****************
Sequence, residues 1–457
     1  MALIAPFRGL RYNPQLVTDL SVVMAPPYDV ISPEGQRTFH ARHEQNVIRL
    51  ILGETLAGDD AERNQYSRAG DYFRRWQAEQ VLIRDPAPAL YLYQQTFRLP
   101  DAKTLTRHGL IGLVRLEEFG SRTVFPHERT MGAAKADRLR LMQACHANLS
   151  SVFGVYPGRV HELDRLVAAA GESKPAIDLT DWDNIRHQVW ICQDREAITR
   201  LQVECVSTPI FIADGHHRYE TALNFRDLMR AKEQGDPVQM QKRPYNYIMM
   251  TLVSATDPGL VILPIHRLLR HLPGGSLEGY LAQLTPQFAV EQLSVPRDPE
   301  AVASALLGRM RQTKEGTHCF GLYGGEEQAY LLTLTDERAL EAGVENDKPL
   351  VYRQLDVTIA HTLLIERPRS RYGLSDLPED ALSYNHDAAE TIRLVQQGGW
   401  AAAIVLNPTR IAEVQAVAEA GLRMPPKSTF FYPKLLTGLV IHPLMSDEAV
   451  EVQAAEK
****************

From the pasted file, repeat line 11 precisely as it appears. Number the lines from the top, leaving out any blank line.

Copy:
   451  EVQAAEK